Most marched in good spirits and there were no reported confrontations between marchers and people on the sidelines.

After reaching the Brookhaven marina area, the crowd grew to about 200 before stopping in the small 9/11 memorial on Town of Brookhaven property. Once at the site, organizers, including former FDNY Lieutenant Daniel Dooley, who helped originally construct the 9/11 memorial, read off the names of those from Brookhaven town who died in the terror attacks 19 years ago. Other speakers included Vietnam Vet and PJSD alum David Mann.

Setauket Patriots, a local online right wing and pro-Trump group, organized the march through social media. While event organizer James Robitsek told TBR News Media before the event they wished it to be a-political, a small number of marchers bore flags, hats and other paraphernalia supporting President Donald Trump’s (R) reelection campaign. Others in the march sported thin blue line flags and other items that supported police.

The Village of Port Jefferson originally denied the organizers a permit to march at the end of August, citing a general moratorium on any new permits for marches and parades because of the ongoing pandemic. Village officials also said that the permit application the Setauket Patriots sent in was incomplete in the first place.

Organizers for the march previously told TBR News Media they felt the permit denial was a suppression of their constitutional right to assemble, and they announced they would be marching anyway.

All photos by Steven Zaitz

Absentee ballots, early voting or voting in person — voters this year have three options to cast their ballots, though two months before election day, some of these methods have come under scrutiny.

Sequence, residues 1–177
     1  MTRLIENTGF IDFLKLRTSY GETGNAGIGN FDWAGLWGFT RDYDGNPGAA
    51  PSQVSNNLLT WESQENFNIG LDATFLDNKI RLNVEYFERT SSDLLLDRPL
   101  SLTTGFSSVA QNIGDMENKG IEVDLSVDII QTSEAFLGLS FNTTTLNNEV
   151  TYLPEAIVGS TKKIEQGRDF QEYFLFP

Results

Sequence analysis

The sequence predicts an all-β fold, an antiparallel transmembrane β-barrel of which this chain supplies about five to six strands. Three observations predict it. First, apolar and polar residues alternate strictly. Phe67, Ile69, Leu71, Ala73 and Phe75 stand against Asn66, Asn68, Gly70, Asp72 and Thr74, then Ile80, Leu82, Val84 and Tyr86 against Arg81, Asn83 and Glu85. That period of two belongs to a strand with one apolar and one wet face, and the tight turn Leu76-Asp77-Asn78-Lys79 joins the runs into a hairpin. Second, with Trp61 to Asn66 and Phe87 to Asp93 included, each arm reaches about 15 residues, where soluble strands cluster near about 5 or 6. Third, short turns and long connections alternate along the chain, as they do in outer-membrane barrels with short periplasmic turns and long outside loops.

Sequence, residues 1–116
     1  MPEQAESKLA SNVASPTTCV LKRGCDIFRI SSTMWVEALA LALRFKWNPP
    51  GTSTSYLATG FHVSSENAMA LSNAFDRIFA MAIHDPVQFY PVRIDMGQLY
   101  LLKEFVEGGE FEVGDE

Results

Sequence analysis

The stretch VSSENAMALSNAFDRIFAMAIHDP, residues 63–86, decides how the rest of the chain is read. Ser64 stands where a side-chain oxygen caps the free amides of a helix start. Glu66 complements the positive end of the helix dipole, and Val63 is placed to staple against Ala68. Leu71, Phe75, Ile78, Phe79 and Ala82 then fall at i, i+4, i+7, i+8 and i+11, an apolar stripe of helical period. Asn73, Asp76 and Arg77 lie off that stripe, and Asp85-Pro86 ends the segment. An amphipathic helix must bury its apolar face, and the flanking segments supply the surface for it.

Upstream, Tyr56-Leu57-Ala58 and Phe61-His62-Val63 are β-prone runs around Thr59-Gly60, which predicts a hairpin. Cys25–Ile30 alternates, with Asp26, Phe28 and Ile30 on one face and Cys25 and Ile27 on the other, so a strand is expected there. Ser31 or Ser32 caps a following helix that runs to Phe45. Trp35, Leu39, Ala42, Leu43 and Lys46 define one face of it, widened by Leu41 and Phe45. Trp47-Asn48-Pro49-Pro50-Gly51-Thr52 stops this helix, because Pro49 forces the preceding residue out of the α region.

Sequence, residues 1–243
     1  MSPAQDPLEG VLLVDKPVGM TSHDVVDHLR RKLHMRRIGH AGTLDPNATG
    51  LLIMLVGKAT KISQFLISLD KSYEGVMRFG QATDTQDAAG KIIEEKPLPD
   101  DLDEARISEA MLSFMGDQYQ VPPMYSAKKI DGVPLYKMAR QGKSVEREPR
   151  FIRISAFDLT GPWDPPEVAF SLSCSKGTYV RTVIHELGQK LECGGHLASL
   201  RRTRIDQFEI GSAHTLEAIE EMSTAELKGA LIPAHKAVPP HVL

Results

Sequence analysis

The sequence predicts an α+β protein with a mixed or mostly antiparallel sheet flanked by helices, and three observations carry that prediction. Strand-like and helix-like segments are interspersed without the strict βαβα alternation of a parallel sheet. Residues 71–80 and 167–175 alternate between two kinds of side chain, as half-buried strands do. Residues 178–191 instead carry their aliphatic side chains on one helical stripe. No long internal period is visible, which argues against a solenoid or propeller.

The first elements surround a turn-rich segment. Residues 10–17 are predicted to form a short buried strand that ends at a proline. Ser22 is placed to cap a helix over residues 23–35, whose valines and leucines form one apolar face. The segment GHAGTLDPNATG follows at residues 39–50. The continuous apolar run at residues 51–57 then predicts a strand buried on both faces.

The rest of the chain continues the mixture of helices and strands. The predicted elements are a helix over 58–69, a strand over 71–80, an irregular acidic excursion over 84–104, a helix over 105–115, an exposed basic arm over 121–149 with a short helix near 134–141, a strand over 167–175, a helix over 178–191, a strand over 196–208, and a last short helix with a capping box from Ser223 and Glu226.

The Suffolk County Board of Elections commissioners say they have their hands full trying to make sure everyone’s ballot counts this November, but several advocacy groups on Long Island say Suffolk, New York State and the BOE should be doing more to spread the word.

Suffolk Legislator Kara Hahn (D-Setauket) and Suffolk BOE Republican Commissioner Nick LaLota disagreed over the locations of Suffolk’s early voting places. File photo

Experts nationwide anticipate numbers like never before will be asking for absentee ballots or doing early voting for this November election. 

The two commissioners for the Suffolk BOE, Nick LaLota, a Republican, and Anita Katz, a Democrat, were present at the Suffolk County Legislature’s Ways & Means Committee meeting Sept. 3. While there were multiple problems with the June primary, including that close to 25 percent of polling workers didn’t show up due to the pandemic, the two argued that even with limited resources, they have been making headway in increasing voting access. The number of early polling sites has been increased from 10 to 12 compared to 2019, and Katz confirmed they expect 90 to 95 percent of their poll workers will be on the job come election day Nov. 3.

Suffolk County has also issued an order saying any union employees who wish to work in polling centers for the election are allowed to do so, and will be compensated for doing so.

But the commissioners have also come under fire for where, and where they haven’t, put these 12 early voting locations. For one, Shelter Island, which had an early voting location in 2019, is not currently scheduled for one this year. 

Early Voting Issues

LaLota said the decision was based on “how do we do the greatest amount of good to the greatest amount of people,” arguing the numbers of voters in a place like Islip who would have a 20-to-30-minute drive to get to one of these places outstrips the small population of Shelter Island.